Its common for people to enter agreements on a handshake trusting that
they’ll work out any issues later. It’s even more common for
people to enter written contracts that contain covenants that leave open
for resolution at a later time certain aspect of the deal. One such example
is a Lease Agreement that provides for renewal terms at a rental rate
to be determined at the time of the renewal at then market or prevailing
rental rates. While common, this form of agreement is no agreement at
all and is unenforceable.
In a recent case, a dispute arose when a Tenant exercised a right to renew
the Lease term based on the “prevailing market rate for comparable
properties.” The Landlord and Tenant had a dispute over whether
the Lease was certain as to the rental rate.
The Tenant argued that the rent could be determined by looking at the market
rental rates in the area. The Landlord argued that this, alone, was too
uncertain because it left open the methodology to determine the rent based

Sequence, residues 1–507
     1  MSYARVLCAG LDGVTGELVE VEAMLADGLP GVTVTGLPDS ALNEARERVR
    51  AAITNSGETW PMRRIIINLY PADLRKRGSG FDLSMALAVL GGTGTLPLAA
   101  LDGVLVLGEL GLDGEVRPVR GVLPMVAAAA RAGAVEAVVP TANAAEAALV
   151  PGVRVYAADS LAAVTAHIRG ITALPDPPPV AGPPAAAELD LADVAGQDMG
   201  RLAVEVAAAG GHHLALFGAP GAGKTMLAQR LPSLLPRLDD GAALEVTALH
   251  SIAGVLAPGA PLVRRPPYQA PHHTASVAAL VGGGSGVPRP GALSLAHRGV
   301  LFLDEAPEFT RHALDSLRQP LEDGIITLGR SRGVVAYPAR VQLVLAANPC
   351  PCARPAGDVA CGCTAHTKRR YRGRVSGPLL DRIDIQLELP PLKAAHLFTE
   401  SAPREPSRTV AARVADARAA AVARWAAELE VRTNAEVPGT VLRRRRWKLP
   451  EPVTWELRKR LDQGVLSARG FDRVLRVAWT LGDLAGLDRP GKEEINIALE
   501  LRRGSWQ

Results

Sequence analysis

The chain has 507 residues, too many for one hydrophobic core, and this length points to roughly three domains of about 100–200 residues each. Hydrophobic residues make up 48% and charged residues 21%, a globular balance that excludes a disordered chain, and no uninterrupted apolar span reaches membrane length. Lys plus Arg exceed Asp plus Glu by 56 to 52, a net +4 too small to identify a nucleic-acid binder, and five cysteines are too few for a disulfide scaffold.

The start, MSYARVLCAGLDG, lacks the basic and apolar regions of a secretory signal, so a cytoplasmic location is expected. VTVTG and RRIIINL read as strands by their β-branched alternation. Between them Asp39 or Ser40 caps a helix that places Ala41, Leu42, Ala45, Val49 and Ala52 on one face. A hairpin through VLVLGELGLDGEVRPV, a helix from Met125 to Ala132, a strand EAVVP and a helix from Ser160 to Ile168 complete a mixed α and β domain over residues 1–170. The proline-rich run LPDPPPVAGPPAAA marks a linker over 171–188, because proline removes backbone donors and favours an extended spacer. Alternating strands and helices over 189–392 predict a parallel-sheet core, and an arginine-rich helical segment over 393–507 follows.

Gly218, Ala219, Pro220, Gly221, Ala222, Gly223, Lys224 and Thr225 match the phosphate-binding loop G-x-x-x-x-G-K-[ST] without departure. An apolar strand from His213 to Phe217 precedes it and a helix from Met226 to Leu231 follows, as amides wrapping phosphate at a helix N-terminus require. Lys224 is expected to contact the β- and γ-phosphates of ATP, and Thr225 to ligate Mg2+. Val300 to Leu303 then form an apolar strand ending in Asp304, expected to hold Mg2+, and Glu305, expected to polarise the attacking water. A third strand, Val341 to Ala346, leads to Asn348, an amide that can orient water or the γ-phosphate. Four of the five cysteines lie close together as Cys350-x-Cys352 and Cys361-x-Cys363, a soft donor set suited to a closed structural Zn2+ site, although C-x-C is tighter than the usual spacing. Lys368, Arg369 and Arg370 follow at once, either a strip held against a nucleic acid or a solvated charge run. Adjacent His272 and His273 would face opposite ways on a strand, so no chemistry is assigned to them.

on the comparable rates in the area. The Trial Court agreed with the Landlord
stating that the renewal provision, which stated that the renewal rent
was to be based on the prevailing market rate for comparable properties
was too indefinite and therefore, legally unenforceable.
Recently, the Third District Court of Appeal affirmed the Trial Court decision
holding that, where the lease does not provide for the renewal rent amount,
the procedure for determining rent has to be definite enough to determine
the rent with certainty. Determination of the renewal rent should not
require additional negotiation or litigation. If this cannot be done,
the renewal provision is not definite enough for there to have been a
meeting of the minds, and accordingly, the provision is legally unenforceable.
The provision in this case created too many questions about the method
for determining rent. For example, who is responsible for obtaining the
comparables? Must the Landlord or the Tenant provide the comparables?
May the other party object to the comparables relied upon and if they
can object to the comparables relied upon, who will decide which comparable to use?
The take away from this case is that you should not enter any contract
just because its common in the industry to provide for such clauses that
leave open for discussion and agreement following lease or contract execution
Rosenthal Law Group can help review and negotiate the terms of your contracts
and leases. Contact us at 954-384-9200 for a consultation.